New photos from the Mars helicopter Ingenuity's 9th flight help refine Perseverance rover science goals

NASA’s Ingenuity Mars Helicopter captured this image of tracks made by the Perseverance rover during its ninth flight, on July 5 2021.
NASA’s Ingenuity Mars Helicopter captured this image of tracks made by the Perseverance rover during its ninth flight, on July 5 2021. (Image credit: NASA/JPL-Caltech)

A new batch of images taken by the Ingenuity helicopter during its recent flight over the surface of Mars is helping NASA scientists to refine science goals for the Perseverance rover and chart the best route forward as they search for signs of life on the Red Planet.

The color images, downlinked on Thursday (July 8) following Ingenuity's ninth flight, show the surface of Jezero Crater, the landing site of the Perseverance rover, from an altitude of merely 33 feet (10 meters). The images allow scientists to see much smaller terrain features, such as individual boulders and rocks, than are visible in the images from Mars orbiters that are usually used for planning the route of the rover. For example, NASA's High Resolution Imaging Science Experiment, a camera aboard the Mars Reconnaissance Orbiter, provides a resolution of 3 feet (1 m). To get to a finer level of detail, the teams would have to use the rover itself.

"Once a rover gets close enough to a location, we get ground-scale images that we can compare to orbital images," Perseverance Deputy Project Scientist Ken Williford of the NASA Jet Propulsion Laboratory (JPL) in California said in a statement. "With Ingenuity, we now have this intermediate-scale imagery that nicely fills the gap in resolution."

Related: Watch NASA's Mars helicopter Ingenuity fly in 3D (video)

The images, taken on July 5, show some features that are of great interest to scientists hoping to find traces of past or present life in Jezero Crater. The so-called Raised Ridges are rock features that, scientists believe, used to serve as underground water channels in the past. As life is more likely to exist in the presence of water, the scientists are looking to collect samples of material from these ridges that could be taken to Earth with a future sample return mission.

"Our current plan is to visit Raised Ridges and investigate it close up," Williford said. "The helicopter's images are by far better in resolution than the orbital ones we were using. Studying these will allow us to ensure that visiting these ridges is important to the team."

During its last flight, Ingenuity also flew over the Séítah dune field, which the Perseverance rover is expected to drive past. But with a sand layer that can be over 3 feet deep in places, the dunes present a potential trap for the six-wheeled rover.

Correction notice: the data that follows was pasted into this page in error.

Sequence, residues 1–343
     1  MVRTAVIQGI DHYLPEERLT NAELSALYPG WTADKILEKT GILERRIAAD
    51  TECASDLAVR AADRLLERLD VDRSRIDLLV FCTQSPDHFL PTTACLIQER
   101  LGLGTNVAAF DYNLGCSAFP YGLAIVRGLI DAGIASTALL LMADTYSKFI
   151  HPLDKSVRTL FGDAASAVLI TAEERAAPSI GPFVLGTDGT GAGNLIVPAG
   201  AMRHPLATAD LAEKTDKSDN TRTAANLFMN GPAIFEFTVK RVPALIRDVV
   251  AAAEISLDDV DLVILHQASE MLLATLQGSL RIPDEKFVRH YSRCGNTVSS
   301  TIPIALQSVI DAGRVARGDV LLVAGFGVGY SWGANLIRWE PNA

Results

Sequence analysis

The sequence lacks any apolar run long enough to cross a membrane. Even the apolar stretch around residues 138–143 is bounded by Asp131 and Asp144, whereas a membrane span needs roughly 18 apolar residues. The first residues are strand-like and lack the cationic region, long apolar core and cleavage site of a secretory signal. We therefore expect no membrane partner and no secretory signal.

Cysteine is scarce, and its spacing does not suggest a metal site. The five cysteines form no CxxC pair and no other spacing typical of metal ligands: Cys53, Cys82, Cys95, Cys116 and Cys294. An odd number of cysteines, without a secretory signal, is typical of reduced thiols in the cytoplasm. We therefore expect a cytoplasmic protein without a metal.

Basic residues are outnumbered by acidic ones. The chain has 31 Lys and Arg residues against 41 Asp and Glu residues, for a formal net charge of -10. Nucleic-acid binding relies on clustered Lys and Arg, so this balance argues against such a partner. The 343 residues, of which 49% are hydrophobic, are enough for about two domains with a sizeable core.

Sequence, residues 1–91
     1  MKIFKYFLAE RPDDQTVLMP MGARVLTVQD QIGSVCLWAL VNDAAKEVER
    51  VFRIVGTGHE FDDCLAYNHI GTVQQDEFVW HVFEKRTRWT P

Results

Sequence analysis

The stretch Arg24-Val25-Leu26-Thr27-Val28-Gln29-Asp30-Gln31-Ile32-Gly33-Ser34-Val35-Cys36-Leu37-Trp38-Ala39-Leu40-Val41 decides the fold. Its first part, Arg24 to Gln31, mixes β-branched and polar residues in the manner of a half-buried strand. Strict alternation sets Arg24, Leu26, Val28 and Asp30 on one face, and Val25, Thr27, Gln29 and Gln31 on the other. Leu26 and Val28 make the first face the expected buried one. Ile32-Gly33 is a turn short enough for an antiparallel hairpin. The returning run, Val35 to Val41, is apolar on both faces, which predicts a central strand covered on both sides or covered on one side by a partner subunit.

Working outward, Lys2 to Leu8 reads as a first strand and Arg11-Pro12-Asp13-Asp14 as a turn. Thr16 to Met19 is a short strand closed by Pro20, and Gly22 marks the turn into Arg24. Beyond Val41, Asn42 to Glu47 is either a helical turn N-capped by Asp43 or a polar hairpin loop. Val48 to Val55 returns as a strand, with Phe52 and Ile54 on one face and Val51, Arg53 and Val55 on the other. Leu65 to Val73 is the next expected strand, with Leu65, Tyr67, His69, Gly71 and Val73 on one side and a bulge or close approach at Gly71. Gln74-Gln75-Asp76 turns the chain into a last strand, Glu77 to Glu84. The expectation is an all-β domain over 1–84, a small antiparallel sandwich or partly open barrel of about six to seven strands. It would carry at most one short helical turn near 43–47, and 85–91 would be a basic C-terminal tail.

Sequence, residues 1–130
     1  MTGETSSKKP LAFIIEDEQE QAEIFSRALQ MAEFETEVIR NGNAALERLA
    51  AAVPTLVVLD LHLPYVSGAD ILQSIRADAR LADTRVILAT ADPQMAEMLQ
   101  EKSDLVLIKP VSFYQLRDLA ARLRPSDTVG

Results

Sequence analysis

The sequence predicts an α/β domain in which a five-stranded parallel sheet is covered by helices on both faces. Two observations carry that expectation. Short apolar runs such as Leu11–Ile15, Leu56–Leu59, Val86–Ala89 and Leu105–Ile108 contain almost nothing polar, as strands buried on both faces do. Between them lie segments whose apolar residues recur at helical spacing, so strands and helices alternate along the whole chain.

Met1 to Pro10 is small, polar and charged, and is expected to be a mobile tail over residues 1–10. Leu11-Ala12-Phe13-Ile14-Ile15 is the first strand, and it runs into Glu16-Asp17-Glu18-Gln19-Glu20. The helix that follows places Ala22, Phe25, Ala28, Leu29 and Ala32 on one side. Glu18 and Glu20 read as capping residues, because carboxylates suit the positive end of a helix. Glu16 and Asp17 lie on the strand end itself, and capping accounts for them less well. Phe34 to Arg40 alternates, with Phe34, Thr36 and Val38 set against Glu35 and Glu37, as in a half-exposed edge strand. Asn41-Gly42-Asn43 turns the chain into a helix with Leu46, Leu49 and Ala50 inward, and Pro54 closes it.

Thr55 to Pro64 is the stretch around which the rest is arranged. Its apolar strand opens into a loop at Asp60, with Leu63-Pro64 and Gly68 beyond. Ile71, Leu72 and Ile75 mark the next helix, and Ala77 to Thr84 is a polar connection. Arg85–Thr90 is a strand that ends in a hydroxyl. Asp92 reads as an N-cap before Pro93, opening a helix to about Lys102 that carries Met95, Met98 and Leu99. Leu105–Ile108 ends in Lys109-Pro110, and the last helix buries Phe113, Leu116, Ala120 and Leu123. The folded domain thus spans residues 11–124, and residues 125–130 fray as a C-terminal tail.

"Sand is a big concern," Olivier Toupet, a Perseverance driver at JPL said in the statement. "If we drive downhill into a dune, we could embed ourselves into it and not be able to get back out."

Sand dunes are tricky even for the new Perseverance AutoNav feature, which uses artificial intelligence to autonomously drive the rover across great distances, Toupet added. Although the feature can avoid rocks, it struggles to detect sand dunes. The new Ingenuity images will thus help the ground operators better identify the high-risk zones in and around the dune field. 

"The helicopter is an extremely valuable asset for rover planning because it provides high-resolution imagery of the terrain we want to drive through," said Toupet. "We can better assess the size of the dunes and where bedrock is poking out. That's great information for us; it helps identify which areas may be traversable by the rover and whether certain high-value science targets are reachable."

The latest images, unfortunately, revealed that the Séítah field would be too risky for Perseverance to attempt any bolder scientific exploration. The ground-control teams, however, can use the images to better plan scientific operations in other dune fields that the rover is going to explore in the future, NASA said in the statement. 

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Tereza Pultarova
Senior Writer

Tereza is a London-based science and technology journalist, aspiring fiction writer and amateur gymnast. Originally from Prague, the Czech Republic, she spent the first seven years of her career working as a reporter, script-writer and presenter for various TV programmes of the Czech Public Service Television. She later took a career break to pursue further education and added a Master's in Science from the International Space University, France, to her Bachelor's in Journalism and Master's in Cultural Anthropology from Prague's Charles University. She worked as a reporter at the Engineering and Technology magazine, freelanced for a range of publications including Live Science,, Professional Engineering, Via Satellite and Space News and served as a maternity cover science editor at the European Space Agency.